What should I do before applying to an ABSN program?

  1. Hello!
    I am finishing up some prereqs at the moment (AP2, Nutrition, Micro) that will be over with by the end of July. The ABSN program I am interested in starts in July, 2013, and I'm not sure what to do till then. I have already started volunteering at a hospital, and I'm thinking of taking a CNA course. Is the CNA course a good idea? I know I'll make some money for school, but is it worth the time and money, and more importantly will it better my chances of getting in?
    Also, I'm thinking of doing an MEPN, because I do want to become a Nurse Practitioner. Is the CNA a good idea for this?
    Are there any suggestions for what I should do? Get a job somewhere/do more volunteering, etc?
    Thank you so much!
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    About soneutral

    Joined: Apr '12; Posts: 19; Likes: 5


  3. by   robyn_a
    I begin a BSN program in the Fall and was wondering the same thing. I also volunteer at a hospital, but have been considering taking a CNA course. I would love to see what experienced students/nurses have to say!!
  4. by   hannahjean5
    Getting your CNA is a great idea. I'm from WA state and we are actually required to have our CNA liscense before we even apply to nursing school, it is a prerequisite. Not only will you get background knowledge before your nursing courses but you will have practice doing skills you will need to know. Where I am from, you should already know how to take BP, put on TED hose correctly, do an occupied linen change, change briefs for incontinent patients, bed baths et cetera because these skills are not taught in the program.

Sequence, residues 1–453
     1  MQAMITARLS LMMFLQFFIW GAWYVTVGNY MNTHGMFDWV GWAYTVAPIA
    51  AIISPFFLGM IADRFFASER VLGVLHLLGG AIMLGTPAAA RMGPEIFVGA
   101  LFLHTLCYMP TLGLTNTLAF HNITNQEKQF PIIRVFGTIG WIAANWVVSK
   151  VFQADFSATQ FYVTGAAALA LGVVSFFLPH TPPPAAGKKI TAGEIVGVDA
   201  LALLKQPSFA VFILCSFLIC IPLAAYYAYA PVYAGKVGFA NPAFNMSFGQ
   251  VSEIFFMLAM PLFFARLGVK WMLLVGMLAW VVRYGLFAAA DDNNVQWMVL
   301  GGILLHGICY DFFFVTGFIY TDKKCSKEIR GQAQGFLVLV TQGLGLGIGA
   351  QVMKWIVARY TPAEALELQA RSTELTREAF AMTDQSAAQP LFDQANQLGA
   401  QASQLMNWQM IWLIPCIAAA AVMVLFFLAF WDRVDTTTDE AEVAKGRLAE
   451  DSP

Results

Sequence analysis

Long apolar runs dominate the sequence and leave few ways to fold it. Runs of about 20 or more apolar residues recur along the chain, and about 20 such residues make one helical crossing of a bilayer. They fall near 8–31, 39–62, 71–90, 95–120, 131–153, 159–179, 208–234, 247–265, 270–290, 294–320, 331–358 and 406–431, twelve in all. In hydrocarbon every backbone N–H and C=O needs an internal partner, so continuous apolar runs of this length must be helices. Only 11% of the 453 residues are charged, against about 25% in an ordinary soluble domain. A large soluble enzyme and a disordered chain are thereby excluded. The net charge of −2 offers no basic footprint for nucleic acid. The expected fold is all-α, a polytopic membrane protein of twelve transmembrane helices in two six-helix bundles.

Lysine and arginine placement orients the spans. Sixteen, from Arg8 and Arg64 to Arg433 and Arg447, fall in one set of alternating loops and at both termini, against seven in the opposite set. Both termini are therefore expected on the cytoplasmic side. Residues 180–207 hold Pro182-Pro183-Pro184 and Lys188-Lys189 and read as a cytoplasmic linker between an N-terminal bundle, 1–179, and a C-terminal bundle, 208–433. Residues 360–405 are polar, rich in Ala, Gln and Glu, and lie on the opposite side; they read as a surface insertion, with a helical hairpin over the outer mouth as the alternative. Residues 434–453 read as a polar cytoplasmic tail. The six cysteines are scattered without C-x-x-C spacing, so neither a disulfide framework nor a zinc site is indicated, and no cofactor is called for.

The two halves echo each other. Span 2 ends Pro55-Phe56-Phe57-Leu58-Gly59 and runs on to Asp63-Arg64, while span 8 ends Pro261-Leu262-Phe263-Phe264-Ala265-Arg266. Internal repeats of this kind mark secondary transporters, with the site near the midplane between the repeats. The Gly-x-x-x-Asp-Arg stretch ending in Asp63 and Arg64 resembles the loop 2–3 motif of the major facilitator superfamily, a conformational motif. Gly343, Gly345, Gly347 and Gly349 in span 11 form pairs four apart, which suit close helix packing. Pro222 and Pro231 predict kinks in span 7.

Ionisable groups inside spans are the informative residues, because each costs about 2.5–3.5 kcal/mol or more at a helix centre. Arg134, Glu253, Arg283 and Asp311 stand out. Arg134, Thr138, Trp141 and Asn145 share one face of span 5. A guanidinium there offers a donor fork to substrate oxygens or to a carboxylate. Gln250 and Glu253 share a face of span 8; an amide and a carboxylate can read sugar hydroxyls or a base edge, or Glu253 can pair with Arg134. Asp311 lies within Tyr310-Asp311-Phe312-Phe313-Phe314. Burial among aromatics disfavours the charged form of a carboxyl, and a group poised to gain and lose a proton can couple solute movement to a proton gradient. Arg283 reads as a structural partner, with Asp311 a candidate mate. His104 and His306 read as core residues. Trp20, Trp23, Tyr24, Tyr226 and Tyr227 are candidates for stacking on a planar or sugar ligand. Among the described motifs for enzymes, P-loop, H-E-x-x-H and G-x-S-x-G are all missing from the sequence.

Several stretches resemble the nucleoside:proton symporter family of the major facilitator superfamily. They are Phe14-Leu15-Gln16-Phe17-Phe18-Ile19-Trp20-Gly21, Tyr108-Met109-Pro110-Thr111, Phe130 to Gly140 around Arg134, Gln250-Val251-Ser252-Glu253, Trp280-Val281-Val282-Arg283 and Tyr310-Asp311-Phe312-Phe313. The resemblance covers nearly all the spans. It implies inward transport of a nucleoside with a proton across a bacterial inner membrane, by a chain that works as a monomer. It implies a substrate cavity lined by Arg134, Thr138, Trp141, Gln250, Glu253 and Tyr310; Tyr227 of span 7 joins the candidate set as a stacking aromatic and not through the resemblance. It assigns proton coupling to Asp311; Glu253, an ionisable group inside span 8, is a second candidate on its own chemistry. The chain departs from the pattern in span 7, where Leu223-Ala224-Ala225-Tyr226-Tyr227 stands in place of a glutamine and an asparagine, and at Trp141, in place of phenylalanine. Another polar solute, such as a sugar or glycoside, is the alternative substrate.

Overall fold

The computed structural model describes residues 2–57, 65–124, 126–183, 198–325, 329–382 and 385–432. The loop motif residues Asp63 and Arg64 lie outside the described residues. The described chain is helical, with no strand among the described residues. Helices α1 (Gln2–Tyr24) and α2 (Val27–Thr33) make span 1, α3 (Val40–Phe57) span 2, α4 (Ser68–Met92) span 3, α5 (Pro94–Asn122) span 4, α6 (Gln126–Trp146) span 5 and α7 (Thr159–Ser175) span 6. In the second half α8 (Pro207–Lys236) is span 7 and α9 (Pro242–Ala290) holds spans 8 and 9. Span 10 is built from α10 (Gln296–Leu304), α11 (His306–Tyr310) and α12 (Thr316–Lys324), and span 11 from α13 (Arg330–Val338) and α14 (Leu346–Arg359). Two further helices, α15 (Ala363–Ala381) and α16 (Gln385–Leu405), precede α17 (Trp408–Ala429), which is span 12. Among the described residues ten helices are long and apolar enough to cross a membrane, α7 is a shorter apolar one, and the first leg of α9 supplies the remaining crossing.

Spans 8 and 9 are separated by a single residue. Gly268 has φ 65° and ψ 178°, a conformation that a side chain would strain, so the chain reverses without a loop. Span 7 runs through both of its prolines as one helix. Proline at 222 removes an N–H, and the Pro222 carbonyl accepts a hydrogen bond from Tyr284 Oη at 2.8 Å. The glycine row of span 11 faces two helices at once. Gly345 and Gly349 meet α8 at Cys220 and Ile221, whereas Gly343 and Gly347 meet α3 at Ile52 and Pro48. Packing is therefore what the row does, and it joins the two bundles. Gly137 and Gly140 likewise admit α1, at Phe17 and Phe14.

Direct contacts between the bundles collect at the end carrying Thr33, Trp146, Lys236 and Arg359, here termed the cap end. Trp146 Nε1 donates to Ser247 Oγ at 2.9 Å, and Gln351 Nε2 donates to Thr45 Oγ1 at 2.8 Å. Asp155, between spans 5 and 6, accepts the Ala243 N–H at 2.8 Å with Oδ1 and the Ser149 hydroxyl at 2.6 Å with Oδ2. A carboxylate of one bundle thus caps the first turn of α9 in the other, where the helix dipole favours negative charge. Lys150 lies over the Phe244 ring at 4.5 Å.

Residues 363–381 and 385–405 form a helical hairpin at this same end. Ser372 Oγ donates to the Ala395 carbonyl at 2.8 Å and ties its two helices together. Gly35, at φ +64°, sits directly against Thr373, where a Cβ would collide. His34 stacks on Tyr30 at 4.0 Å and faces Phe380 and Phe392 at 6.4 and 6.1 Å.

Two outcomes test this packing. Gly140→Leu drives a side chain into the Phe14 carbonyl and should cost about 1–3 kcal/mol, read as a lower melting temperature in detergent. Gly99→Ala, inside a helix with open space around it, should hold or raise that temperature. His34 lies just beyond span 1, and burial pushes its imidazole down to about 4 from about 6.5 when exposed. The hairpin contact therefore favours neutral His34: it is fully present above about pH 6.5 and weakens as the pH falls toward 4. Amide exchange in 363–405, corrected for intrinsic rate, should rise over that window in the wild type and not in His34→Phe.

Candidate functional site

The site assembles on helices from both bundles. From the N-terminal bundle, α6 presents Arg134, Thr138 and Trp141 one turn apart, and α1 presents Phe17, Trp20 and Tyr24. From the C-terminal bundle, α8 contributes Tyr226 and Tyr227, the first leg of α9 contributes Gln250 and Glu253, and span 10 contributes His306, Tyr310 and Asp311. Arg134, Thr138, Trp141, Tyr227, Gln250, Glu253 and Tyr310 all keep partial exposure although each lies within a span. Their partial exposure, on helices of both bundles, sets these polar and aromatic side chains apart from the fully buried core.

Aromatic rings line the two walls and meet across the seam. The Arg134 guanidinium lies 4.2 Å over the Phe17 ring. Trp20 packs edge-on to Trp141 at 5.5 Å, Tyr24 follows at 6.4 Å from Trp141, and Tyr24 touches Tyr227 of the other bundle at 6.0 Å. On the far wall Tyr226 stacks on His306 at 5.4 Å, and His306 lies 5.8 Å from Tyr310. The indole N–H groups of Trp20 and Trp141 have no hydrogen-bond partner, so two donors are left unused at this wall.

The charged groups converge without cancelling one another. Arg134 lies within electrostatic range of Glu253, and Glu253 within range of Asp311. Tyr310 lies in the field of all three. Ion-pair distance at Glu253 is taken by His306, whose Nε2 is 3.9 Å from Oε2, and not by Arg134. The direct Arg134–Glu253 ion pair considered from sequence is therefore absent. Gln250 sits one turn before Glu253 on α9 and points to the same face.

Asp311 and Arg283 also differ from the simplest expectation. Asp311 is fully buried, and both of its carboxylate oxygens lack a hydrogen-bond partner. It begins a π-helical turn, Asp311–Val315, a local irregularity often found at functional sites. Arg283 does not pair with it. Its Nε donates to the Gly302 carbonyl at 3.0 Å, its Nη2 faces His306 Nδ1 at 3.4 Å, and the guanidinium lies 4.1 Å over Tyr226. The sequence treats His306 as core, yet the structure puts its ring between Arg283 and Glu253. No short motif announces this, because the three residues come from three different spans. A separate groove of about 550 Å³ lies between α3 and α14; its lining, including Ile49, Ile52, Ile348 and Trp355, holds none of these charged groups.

Getting in there and getting your hands dirty and knowing these skills and how to do them well will make you stand out in class and clinicals since you will be comfortable doing them. From personal experience- When I was in clinicals there was a girl in my class who did not want to change a patients breif and her nurse heard her say that and lectured her about not being respected as an RN if she was afraid to change breifs.. obviously there won't be a CNA there 24/7 when you are an RN to do all your dirty work and you should be expected to know these skills.

    Thats just my 2 cents =)
  5. by   ejm123
    It's required here as well. Same thing the previous poster said - when you hit the floor for clinical some experience as an CNA will help you maintain a balance and even be to your benefit. It also teaches you the importance of CNAs and to respect their job.